Following insertion into Venus orbit in August 1990, approximately 18 days spent checking out the spacecraft and its imaging radar. The prime mapping mission then began, lasting 243 Earth days or 1 Venus day.
Magellan's trajectory to Venus is called a Type IV transfer. It requires the spacecraft to go one and one-half times around the Sun before it goes into orbit around Venus. Although the Type IV transfer has advantages of lower launch energy and lower Venus approach speed, the main reason for using this trajectory is that it allows the Galileo mission to be launched by the Shuttle in October 1989, the launch time required by Magellan for the shorter and faster trajectory to Venus.
In the mapping orbit, the spacecraft approached the planet as close as 155 miles. That is called periapsis. At its furthest point in its elliptical orbit, the spacecraft was 4,977 miles from the planet's surface. That is apoapsis. Magellan made one orbit every 3 hours, 9 minutes.
The approach to Venus was over the northern hemisphere with a mapping swath that goes from north to south. The radar mapping was done for a 37-minute period each orbit when the spacecraft is close to the planet, and when it was at apoapsis, it transmitted the data back to Earth.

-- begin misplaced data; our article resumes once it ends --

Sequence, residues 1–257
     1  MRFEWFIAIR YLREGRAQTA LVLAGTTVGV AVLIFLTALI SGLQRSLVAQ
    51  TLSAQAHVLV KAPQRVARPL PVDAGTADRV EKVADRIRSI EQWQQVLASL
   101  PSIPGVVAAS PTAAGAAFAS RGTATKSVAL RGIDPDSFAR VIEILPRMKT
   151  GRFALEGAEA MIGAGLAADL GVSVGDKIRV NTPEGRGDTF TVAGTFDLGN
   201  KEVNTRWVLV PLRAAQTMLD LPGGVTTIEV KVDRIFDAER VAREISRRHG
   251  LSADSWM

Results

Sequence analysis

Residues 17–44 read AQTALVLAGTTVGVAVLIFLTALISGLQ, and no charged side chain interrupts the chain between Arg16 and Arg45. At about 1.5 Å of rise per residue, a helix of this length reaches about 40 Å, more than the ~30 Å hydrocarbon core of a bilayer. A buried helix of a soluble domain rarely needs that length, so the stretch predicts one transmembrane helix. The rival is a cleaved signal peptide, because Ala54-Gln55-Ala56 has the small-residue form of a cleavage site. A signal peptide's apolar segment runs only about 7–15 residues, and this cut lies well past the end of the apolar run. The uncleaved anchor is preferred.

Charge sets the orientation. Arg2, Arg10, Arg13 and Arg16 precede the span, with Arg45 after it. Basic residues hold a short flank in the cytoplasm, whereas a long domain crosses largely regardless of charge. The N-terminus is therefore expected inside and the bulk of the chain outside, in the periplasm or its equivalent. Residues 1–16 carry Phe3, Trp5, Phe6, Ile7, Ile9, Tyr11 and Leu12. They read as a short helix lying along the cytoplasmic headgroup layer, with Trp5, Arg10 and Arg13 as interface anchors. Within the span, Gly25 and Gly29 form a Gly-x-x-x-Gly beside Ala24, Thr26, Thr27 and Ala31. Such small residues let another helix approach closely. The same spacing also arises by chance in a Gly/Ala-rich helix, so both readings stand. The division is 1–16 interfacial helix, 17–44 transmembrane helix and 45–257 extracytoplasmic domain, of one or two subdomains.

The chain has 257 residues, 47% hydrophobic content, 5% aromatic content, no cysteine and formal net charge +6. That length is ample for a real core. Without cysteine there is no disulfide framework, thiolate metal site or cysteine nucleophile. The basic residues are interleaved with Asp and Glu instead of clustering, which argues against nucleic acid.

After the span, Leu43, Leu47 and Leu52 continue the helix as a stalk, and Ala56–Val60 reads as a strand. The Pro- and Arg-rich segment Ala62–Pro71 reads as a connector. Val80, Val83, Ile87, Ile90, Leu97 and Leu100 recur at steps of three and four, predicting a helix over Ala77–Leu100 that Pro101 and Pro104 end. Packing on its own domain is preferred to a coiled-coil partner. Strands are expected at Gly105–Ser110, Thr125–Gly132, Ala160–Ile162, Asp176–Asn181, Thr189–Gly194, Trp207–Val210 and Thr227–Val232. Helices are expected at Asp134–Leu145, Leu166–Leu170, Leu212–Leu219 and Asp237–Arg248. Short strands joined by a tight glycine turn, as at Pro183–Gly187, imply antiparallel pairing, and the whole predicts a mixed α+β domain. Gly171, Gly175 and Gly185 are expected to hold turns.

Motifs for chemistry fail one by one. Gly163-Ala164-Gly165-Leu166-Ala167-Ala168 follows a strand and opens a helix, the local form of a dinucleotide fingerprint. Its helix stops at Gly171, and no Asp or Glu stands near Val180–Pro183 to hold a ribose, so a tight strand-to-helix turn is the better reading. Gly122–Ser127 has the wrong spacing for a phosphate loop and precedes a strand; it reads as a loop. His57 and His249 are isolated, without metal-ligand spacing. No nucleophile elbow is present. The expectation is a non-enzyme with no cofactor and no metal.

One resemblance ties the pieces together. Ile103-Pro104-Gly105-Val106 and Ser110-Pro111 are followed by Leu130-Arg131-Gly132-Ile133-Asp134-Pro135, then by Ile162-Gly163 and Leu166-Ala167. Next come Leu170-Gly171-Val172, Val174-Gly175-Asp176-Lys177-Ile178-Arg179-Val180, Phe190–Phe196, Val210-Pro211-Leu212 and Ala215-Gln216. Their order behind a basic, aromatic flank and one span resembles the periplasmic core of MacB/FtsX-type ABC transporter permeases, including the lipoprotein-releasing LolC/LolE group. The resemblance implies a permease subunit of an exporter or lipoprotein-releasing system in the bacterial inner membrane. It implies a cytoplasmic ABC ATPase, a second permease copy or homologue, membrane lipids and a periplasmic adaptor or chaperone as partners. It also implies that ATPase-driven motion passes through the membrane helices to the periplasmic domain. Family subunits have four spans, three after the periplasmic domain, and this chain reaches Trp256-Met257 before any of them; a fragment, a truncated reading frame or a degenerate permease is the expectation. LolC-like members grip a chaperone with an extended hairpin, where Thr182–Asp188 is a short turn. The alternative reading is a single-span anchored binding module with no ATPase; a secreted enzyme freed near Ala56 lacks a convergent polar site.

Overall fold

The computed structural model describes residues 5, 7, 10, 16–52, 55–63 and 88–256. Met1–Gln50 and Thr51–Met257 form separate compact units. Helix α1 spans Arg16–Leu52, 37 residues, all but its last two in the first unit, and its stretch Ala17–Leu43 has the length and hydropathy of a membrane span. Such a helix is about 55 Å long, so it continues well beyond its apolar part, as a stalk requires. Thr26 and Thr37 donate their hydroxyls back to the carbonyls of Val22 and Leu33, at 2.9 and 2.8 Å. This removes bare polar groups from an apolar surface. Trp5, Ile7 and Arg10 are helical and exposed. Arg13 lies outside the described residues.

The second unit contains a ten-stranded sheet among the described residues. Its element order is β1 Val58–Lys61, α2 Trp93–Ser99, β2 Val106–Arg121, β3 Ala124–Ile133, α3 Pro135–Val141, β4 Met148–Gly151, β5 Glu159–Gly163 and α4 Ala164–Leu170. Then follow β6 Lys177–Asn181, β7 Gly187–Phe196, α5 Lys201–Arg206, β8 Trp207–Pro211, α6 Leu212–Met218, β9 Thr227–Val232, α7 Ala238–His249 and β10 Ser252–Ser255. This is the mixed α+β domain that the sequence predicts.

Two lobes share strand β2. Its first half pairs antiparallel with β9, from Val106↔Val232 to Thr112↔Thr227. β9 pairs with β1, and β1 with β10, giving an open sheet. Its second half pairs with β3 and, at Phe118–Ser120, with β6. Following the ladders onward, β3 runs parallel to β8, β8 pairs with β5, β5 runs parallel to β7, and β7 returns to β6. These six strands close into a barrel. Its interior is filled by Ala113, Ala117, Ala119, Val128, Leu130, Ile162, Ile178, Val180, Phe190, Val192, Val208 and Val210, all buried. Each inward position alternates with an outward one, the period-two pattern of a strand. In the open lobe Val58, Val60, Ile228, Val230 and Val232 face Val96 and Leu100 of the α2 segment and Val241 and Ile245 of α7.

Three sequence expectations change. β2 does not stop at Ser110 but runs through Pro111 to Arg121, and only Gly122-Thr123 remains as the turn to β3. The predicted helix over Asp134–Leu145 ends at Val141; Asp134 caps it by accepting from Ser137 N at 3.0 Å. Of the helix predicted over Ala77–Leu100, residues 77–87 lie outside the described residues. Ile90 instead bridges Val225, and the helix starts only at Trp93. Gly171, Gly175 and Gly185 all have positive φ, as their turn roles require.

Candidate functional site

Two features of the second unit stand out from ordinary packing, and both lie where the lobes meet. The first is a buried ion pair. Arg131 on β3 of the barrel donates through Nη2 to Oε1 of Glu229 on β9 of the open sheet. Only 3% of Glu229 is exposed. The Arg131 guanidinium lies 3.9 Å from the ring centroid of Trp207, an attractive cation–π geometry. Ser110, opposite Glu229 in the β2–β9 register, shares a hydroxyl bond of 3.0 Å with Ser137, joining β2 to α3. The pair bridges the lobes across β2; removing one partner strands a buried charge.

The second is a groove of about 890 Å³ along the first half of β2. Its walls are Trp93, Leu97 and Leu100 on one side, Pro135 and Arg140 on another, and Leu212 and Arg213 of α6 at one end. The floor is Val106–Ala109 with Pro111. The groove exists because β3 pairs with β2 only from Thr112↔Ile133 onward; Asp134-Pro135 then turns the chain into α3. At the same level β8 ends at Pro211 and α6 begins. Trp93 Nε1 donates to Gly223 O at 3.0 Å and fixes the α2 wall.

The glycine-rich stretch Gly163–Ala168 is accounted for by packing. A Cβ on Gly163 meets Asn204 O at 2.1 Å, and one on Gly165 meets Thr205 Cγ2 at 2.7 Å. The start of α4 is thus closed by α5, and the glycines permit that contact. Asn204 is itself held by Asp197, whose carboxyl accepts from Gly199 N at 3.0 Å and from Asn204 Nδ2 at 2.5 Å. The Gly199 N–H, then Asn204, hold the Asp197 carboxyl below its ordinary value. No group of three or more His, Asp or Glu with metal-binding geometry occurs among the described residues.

The mapping profile of Magellan included two swaths of coverage done alternately, one beginning further north than the next. As the spacecraft approached the planet, it began mapping the north swath at 90 degrees north latitude and continue to 54 degrees south latitude. On the next orbit, it began 4.7 minutes later for the south swath and began mapping at 76 degrees north latitude and continue to 68 degrees south.
As each orbit continued toward apoapsis, the spacecraft played back the data to Earth. During this time, it interrupted its playback to make star calibrations to confirm its attitude data base. Magellan looked at the positions of two stars in the sky and compares them with a star map in its computer. This fixed its attitude in relation to the planet. Then it resumed its data playback. When the second playback was completed the antenna was rotated back toward the planet for the next mapping sequence.